Carbon monoxide poisoning

Carbon monoxide poisoning is caused by the buildup of carbon monoxide in the bloodstream. The oxygen in the cells are replaced by carbon monoxide. This condition can be deadly or lead to serious damage to the tissues.

Carbon monoxide is an odorless, tasteless and colorless gas produced by gas fuels, charcoal and propane. It can buildup to high levels in spaces with poor ventilation or engine appliances.

Sources of carbon monoxide

  • Charcoal grills and kerosene space heaters
  • Water heaters that are gas-based

    Carbon monoxide poisoning
    Once an individual is suspected with carbon monoxide poisoning, the initial move is to bring him/her to an area with fresh air and call for emergency assistance if symptoms such as headache, dizziness, nausea, confusion, shortness of breath and weakness arise.
  • Gasoline and diesel-powered generators
  • Cigarette smoke
  • Propane-fueled forklifts
  • Spray paints, solvents, pain removers and degreasers
  • Indoor tractor pulls

What are the indications?

Carbon monoxide poisoning can trigger the following symptoms:

  • Dizziness
  • Headache
  • Blurry vision
  • Nausea and vomiting
  • Difficulty breathing
  • Weakness
  • Confusion
  • Loss of consciousness

Individuals who are intoxicated or sleeping are susceptible to carbon monoxide poisoning. Some die due to this or end up with permanent brain damage.

Management

Once an individual is suspected with carbon monoxide poisoning, the initial move is to bring him/her to an area with fresh air and call for emergency assistance if symptoms such as headache, dizziness, nausea, confusion, shortness of breath and weakness arise.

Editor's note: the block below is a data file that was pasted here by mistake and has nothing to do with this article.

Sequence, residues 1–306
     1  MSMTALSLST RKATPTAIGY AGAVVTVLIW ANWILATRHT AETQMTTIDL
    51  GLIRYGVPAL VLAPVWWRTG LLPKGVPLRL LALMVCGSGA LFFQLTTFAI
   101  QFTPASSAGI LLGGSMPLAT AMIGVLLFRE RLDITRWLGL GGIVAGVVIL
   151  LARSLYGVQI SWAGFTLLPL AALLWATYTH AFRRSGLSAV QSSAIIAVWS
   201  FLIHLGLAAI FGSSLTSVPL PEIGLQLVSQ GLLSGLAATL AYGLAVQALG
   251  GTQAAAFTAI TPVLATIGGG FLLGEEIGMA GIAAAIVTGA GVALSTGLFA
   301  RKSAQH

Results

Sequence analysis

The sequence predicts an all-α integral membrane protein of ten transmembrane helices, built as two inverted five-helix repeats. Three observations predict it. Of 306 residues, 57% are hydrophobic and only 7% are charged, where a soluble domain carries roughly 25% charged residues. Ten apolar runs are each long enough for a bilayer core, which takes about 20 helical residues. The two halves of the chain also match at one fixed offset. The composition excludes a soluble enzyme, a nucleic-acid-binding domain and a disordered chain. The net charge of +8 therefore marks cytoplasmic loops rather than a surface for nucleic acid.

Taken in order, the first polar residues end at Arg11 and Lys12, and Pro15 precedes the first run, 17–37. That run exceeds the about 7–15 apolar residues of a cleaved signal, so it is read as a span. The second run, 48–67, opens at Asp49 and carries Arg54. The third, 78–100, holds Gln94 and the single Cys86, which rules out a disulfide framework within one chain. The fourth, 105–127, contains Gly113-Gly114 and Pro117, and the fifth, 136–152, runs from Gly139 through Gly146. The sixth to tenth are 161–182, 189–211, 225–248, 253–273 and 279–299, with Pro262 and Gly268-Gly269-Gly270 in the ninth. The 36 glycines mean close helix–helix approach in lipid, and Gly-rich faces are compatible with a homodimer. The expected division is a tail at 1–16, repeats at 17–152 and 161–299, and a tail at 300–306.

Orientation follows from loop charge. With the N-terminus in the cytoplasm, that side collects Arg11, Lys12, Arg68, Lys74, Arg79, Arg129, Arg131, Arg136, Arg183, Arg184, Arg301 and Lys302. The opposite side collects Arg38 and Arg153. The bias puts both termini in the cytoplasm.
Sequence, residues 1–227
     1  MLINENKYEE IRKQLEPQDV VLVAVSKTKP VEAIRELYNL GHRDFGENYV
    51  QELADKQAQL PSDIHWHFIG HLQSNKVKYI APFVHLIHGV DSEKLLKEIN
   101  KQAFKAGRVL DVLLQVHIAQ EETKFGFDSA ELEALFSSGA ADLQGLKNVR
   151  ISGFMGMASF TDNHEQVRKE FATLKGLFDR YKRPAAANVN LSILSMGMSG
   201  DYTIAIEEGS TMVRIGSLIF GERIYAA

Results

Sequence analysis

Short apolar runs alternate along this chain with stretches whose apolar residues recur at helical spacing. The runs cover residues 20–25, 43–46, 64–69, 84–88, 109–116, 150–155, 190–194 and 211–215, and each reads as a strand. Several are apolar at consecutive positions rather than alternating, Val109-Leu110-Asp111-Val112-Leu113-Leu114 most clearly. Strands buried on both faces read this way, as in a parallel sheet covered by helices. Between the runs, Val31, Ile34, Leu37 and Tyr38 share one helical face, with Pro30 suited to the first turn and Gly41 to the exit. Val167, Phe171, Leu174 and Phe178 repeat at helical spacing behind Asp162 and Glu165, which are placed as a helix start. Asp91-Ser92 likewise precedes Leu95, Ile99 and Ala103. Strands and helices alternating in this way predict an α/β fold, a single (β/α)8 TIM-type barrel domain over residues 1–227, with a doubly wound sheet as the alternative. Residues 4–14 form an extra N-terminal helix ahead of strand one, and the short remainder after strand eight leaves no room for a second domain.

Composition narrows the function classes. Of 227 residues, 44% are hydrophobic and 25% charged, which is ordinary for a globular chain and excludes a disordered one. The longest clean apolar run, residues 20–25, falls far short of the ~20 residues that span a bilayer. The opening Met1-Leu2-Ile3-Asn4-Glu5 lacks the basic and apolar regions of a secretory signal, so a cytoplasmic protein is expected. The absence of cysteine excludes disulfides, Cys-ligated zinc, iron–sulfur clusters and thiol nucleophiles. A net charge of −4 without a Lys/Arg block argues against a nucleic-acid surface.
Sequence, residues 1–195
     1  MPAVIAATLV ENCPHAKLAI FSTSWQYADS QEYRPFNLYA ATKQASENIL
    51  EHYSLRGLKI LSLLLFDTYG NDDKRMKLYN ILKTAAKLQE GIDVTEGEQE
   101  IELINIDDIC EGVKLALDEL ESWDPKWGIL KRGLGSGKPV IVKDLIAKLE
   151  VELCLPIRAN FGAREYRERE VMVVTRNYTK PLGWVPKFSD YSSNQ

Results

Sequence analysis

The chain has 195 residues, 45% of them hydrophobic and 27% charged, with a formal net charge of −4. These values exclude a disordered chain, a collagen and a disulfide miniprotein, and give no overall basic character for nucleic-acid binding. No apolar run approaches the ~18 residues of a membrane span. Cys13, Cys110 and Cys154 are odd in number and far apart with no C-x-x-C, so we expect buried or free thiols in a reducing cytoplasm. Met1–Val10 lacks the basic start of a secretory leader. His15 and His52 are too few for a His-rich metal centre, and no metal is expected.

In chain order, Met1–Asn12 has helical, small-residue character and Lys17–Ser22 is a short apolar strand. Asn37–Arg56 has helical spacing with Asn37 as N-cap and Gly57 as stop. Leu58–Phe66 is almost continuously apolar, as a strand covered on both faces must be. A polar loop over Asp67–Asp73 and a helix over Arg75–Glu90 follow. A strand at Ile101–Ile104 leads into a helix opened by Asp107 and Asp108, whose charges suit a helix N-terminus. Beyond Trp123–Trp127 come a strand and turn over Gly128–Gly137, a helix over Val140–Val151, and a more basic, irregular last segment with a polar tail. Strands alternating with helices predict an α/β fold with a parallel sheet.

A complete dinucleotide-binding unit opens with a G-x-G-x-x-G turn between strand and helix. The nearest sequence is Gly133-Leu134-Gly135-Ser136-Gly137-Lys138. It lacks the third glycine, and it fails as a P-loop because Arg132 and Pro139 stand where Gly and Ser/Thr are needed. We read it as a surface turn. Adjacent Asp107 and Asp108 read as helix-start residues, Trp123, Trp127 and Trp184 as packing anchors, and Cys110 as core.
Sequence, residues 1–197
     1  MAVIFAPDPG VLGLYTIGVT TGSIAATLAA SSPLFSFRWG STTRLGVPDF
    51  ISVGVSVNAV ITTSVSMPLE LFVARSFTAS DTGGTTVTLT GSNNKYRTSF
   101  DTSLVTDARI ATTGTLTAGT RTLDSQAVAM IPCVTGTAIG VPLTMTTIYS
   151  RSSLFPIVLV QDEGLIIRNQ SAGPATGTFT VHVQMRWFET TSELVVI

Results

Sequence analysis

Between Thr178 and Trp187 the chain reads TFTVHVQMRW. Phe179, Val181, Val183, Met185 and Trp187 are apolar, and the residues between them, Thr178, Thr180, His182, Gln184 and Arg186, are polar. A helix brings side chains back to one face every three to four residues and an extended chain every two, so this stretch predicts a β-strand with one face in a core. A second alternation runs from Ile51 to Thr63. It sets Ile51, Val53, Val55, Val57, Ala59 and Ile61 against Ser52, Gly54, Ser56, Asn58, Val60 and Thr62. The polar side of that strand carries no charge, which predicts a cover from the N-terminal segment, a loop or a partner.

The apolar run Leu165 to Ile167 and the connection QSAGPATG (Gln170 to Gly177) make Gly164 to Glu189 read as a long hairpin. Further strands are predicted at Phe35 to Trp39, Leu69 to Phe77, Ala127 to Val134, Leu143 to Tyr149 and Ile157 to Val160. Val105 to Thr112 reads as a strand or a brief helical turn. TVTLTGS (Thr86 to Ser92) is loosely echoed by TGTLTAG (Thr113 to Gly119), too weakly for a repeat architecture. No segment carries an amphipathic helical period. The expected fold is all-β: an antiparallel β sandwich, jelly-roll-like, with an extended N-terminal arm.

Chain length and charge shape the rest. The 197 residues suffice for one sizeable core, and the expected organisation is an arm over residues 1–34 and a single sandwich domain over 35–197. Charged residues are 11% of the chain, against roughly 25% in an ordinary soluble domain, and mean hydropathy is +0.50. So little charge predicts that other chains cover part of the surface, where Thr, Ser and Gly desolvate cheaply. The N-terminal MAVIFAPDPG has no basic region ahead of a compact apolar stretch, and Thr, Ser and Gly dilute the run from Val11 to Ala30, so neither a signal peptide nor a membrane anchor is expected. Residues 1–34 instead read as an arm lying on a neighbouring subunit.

The treatment that are usually recommended include the following:

Administration of pure oxygen

This helps minimize the damage caused by carbon monoxide poisoning. A mask is placed over the nose and mouth to inhale pure oxygen while in the emergency department. If the individual could not breath, a ventilator is used.

Hyperbaric oxygen therapy

In most cases of carbon monoxide poisoning, this is the preferred treatment. This requires the individual to stay inside a pressurized chamber. Carbon monoxide in the blood cells is replaced by oxygen.

For severe cases, hyperbaric therapy is usually used. It is important to note that the heart and brain tissues that are prone to damage by carbon monoxide can be prevented by the replacement of oxygen.

More Information / Disclaimer

The information posted on this page on carbon monoxide poisoning is for learning purposes only. Learn to recognize and manage respiratory emergencies including carbon monoxide poisoning by taking a standard first aid course with Red Deer First Aid.

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